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Summary: Moses often failed in his attempts to help--But he never gave up and quit--Even when we fail we must never give up, we must not quit.

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(Exodus 2:11-21 & 3:11-21)

INTRODUCTION

It is fun to watch young children try to help their parents. Remember the first time you tried to teach your child to crack an egg? The egg shells scattered throughout the scrambled eggs gave an interesting crunch as you and your child ate that breakfast. Remember when they tried to help you clear the table and dropped your great grandmother’s antique plate

and broke it into three dozen pieces. When my son was three and one half years old, he helped me by licking a roll of one hundred postage stamps, putting some on envelopes and the rest on the headboard of his bed.

Often the learning, helping process involves making mistakes. Remember helping teach someone to drive a stick shift car? Lurch, Lurch, Lurch. Was your first attempt at helping your food budget by planting a garden wiped out by a late frost? Over the years I have helped several young men, who were ready to enter college, learn how to do their own laundry. A couple did not heed my instructions to wash colored clothes separate from whites. One called me asking, "How do I make pink underwear white again?" The first time I used a cash register I needed help and still made plenty of mistakes. I kept trying and I learned.

We all want to help ourselves have a better life: And most want to help those around us when ever possible. At times we fail. Do we quit? No, we keep on trying. We keep on helping. Today, I want to tell you about

Moses, the Helper. Before Moses could become a Great Deliverer he had to learn how to help. HE MADE MISTAKES: BUT HE DID NOT QUIT. He did not give up. Let us see if we can learn something about helping and persevering as we look at three experiences in Moses’ history.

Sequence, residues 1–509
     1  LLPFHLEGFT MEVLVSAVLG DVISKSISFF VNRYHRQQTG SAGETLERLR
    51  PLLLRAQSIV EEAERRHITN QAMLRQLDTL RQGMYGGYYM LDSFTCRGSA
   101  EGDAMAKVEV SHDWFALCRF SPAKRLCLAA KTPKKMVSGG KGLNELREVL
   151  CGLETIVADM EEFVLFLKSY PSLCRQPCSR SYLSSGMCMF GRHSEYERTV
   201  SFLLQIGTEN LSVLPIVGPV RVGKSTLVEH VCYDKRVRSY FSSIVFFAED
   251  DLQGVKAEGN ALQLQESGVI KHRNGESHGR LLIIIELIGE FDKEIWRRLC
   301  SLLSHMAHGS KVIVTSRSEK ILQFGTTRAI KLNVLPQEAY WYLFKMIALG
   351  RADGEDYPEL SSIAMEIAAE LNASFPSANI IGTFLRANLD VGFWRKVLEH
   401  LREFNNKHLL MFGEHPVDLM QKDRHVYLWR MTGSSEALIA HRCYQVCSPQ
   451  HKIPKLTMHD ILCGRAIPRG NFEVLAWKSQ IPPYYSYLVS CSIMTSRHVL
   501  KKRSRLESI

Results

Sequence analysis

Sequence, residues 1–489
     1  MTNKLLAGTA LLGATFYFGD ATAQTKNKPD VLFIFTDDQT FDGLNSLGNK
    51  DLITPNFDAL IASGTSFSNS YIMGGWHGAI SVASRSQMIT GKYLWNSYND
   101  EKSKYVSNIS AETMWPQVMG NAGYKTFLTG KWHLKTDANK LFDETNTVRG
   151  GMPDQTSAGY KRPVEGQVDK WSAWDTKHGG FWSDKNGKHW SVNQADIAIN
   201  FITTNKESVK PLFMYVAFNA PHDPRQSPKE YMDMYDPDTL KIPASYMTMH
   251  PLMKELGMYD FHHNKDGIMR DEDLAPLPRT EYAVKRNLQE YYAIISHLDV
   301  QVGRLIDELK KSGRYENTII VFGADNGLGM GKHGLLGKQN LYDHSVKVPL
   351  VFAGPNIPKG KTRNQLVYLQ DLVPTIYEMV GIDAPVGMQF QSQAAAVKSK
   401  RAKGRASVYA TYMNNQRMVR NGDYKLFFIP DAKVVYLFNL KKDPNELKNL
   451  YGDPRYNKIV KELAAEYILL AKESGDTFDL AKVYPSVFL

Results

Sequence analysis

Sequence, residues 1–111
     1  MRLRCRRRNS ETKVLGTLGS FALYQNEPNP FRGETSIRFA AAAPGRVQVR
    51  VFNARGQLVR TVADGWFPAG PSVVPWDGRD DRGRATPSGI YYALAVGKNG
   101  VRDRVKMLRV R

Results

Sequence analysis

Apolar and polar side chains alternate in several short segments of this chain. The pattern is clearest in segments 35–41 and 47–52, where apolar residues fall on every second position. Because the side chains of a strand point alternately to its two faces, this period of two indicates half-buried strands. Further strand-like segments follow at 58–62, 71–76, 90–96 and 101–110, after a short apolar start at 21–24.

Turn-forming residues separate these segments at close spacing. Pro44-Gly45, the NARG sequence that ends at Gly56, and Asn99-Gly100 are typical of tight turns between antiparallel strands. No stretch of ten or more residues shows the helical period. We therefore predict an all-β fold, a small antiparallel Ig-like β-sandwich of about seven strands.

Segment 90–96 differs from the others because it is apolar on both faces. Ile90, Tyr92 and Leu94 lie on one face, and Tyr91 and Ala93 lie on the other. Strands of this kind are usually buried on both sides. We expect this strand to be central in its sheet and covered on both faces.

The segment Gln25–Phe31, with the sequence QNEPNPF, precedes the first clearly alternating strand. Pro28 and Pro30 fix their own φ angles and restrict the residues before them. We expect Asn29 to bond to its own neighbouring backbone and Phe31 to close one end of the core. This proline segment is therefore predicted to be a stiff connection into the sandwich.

I. HELP THAT BROUGHT MOSES EXILE.

Most of us know the story of Moses. Because Pharaoh had commanded all new born Hebrew boys to be thrown into the Nile River. Moses’ Mother hid him for three months and then prepared a basket boat, and knowing that Pharaoh’s daughter would come to a certain spot to bathe, she put him in the boat and placed it into the reeds along the banks of the Nile. In a sly way, she obeyed Pharaoh. The princess found and fell in love with the baby. We all know that a woman can not resist picking up a baby. She took Moses as her son and chose Moses’ Mother to become the baby’s nurse. In

his early years, Moses probably spent more time with his real mother than he did with the Egyptians. Formative years are important.

Moses was raised as Pharaoh’s adopted Grandson—But his Mother taught him of his heritage and of the God of the Hebrews. Moses loved the Jews and at about age forty he saw an Egyptian beating a Hebrew. Thinking that no one was watching, he killed him and buried him in the sand. His brand of justice was observed by some Hebrews and, probably out of jealousy and a lack of gratefulness, they turned against Moses. Moses was afraid, and rightly so, because Pharaoh heard of his actions and tried to kill Moses. As a result Moses ran away to live in Midian.

On impulse, Moses tried to help. Tried to deliver justice. He did not think it through. He did not have a plan. He had not prayed about what to do to solve the problem of unjust treatment. He acted on emotion. When we want to help we must be sure that we are walking in all of God’s light. We must be sure that we are helping in Biblically mandated ways. Some try

to help by cutting corners.(Mythical Robin Hood sounds like a hero. He was a thief.) We need to ask the question, "What would Jesus do?" As we get to know Jesus better he will teach us when to encourage, to do

nothing, to speak, to be quiet, to aid, or to caution… A growing Bible knowledge will help us to much easier understand the will and ways of God. That is one of the reasons that we provide Sunday School. Studying

the lesson and paying attention to the holy teacher helps us to learn holy truths.

Some Christians try to do too much. As a result, they get strung out, frazzled, burned out, and never quite get done what really needs done. Ever see someone start all kinds of projects and finish few? We need to

know our gifts and graces. Our strengths and weaknesses. We are not Messiahs. We can not do everything: But what we do must be done to the glory of God. God calls not just pastors but everyone to His service.

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